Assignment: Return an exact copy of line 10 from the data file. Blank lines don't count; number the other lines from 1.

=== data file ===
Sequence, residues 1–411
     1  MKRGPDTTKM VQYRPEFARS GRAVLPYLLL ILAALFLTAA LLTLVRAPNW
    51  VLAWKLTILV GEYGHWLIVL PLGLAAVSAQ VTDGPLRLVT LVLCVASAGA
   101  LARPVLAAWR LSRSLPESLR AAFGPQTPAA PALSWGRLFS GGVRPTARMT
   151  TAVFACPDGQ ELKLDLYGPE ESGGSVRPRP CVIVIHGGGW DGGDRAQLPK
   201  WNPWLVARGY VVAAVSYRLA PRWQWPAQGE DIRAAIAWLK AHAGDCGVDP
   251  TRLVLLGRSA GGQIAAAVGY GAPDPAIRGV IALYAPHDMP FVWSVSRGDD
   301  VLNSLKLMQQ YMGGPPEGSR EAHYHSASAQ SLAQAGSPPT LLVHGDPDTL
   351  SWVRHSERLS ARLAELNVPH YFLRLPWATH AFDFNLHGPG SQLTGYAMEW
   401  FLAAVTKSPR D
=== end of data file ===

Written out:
   401  FLAAVTKSPR D